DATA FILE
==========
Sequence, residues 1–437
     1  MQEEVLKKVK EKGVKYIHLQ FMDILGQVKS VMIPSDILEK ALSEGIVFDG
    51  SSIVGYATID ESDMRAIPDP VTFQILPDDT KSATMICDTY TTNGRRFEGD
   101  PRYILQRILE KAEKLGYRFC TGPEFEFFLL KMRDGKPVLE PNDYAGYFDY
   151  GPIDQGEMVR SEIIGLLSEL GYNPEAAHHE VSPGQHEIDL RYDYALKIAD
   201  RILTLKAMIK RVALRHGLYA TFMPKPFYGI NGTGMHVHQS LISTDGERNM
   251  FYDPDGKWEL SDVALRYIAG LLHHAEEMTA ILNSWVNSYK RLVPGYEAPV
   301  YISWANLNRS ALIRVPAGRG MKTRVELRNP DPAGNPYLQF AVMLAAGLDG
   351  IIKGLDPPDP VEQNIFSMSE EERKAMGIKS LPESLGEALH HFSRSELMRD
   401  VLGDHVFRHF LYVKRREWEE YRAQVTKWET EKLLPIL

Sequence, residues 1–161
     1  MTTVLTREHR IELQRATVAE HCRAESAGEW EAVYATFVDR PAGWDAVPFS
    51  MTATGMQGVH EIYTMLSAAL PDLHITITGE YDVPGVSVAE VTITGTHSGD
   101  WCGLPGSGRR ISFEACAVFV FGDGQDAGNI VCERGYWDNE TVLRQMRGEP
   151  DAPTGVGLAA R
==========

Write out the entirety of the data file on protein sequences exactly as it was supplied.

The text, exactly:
Sequence, residues 1–437
     1  MQEEVLKKVK EKGVKYIHLQ FMDILGQVKS VMIPSDILEK ALSEGIVFDG
    51  SSIVGYATID ESDMRAIPDP VTFQILPDDT KSATMICDTY TTNGRRFEGD
   101  PRYILQRILE KAEKLGYRFC TGPEFEFFLL KMRDGKPVLE PNDYAGYFDY
   151  GPIDQGEMVR SEIIGLLSEL GYNPEAAHHE VSPGQHEIDL RYDYALKIAD
   201  RILTLKAMIK RVALRHGLYA TFMPKPFYGI NGTGMHVHQS LISTDGERNM
   251  FYDPDGKWEL SDVALRYIAG LLHHAEEMTA ILNSWVNSYK RLVPGYEAPV
   301  YISWANLNRS ALIRVPAGRG MKTRVELRNP DPAGNPYLQF AVMLAAGLDG
   351  IIKGLDPPDP VEQNIFSMSE EERKAMGIKS LPESLGEALH HFSRSELMRD
   401  VLGDHVFRHF LYVKRREWEE YRAQVTKWET EKLLPIL

Sequence, residues 1–161
     1  MTTVLTREHR IELQRATVAE HCRAESAGEW EAVYATFVDR PAGWDAVPFS
    51  MTATGMQGVH EIYTMLSAAL PDLHITITGE YDVPGVSVAE VTITGTHSGD
   101  WCGLPGSGRR ISFEACAVFV FGDGQDAGNI VCERGYWDNE TVLRQMRGEP
   151  DAPTGVGLAA R